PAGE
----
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COVID-19 and the Role of POCUS

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By Victor V Rao MBBS, DMRD, RDMS

Statement Update April 20, 2020

The role of point-of-care ultrasound (POCUS) lung has been established, and the lung ultrasound findings in COVID-19 patients seem consistent with a viral pneumonia pattern. Some patients develop a more severe disease presentation that mimics ARDS.

Newer data reported also brought to light cardiac issues that were not reported during the earlier stages of the coronavirus pandemic.

The transducer of choice for a focused cardiac exam would be a low frequency phased array transducer.

Here are some of the recommended views:

  1. Parasternal long-axis view (PLAX) including the descending thoracic aorta
  2. Parasternal short-axis view (PSAX) – mid ventricle and apical
  3. Apical 4 chamber view (A4C – B-mode and color Doppler)
  4. Apical 3 chamber view

Some significant echocardiographic findings that could be seen in COVID-19 patients with cardiac involvement are:

  1. Increased wall thickness with diffuse biventricular hypokinesis, especially in the apical segments
  2. Severe left ventricular dysfunction with reduced EF
  3. Right heart failure
  4. Biventricular myocardial interstitial edema
  5. Pericardial effusion – most notable around the right cardiac chambers
  6. Some patients also develop myocardial infarction as the preexisting plaques in the coronary arteries become unstable due to inflammation. These would show reduced contractility of the heart with reduced EF and increased EPSS.
  7. Isolated reports of pulmonary embolism (PE) with dilated right ventricle and hyperdynamic apex of the RV and flattened septum with d-shaped LV

In conclusion, it is a good idea to evaluate the heart at the time of admission or triage with some basic views like PLAX, PSAX (mid ventricle), A4C, and others. This imaging is beneficial to have in case the patient does develop cardiac complications such as left or right heart failure, myocarditis or myocardial infarction, etc. It will help establish if cardiac complications were a result of COVID-19 or worsening of preexisting cardiac pathology.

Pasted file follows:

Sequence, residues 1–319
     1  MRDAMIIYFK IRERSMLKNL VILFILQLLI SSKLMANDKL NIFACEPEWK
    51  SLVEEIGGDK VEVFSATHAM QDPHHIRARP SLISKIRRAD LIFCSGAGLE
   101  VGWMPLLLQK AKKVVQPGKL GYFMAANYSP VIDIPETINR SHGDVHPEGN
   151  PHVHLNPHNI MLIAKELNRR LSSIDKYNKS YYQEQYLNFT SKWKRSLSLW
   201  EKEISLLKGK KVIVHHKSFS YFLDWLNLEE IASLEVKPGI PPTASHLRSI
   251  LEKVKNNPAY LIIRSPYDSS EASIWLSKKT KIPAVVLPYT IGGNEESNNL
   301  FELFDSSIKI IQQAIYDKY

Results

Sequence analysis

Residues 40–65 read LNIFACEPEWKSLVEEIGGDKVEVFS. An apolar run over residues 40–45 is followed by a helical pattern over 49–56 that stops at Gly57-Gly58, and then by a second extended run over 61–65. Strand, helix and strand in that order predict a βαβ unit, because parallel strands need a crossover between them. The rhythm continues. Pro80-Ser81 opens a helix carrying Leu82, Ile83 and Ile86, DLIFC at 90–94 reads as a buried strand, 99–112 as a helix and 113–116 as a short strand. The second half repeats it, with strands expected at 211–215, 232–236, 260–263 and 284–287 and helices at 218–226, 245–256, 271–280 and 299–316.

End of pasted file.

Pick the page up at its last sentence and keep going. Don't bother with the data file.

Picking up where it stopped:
Moderate to severe cardiac complications would need a consultation by a cardiologist in the near term, and additional follow up after recovery from the COVID-19 infection as there could be long-term cardiac complications.

March 20, 2020

For decades, there has been a concern amongst the medical community about potentially lethal viral diseases continuing to emerge in the human population. In 2002 there was the severe acute respiratory syndrome coronavirus (SARS – CoV), followed by H1N1 influenza in 2009 and the Middle East respiratory syndrome coronavirus (MERS-CoV) in 2012. In December 2019 and continuing to spread in 2020 we have the ongoing coronavirus (COVID-19) pandemic which has infected 191,127 individuals1 (confirmed cases) worldwide and has resulted in 7,807 deaths1 as of March 18, 2020. This new virus seems to be very contagious and has quickly spread globally and spared only a few countries in just 4 months as seen in the map below.

World map showing confirmed COVID-19 cases (shaded areas) as of March 18, 2020 2

Imaging for COVID-19

The following modes of radiological imaging tools may be used.

  1. Chest X-ray – abnormal in 60-77%.
  2. CT Scan (Chest) – abnormal in 86-95%.
  3. Point of Care Ultrasound (POCUS-Lung)
  4. Basic POCUS echocardiography to look for evidence of heart failure or myocarditis

The most common findings were bilateral with ground glass appearance, patchy consolidation, peripheral distribution, cystic changes, and mild effusions. Surprisingly the effusions were seen in less than 10% cases. Unilateral findings can be expected in early disease. POCUS lung ultrasound is not confirmatory of COVID-19 infection, but it can suggest the possibility of the COVID-19 infection in a patient and is also very helpful to monitor the progress of the disease in a patient.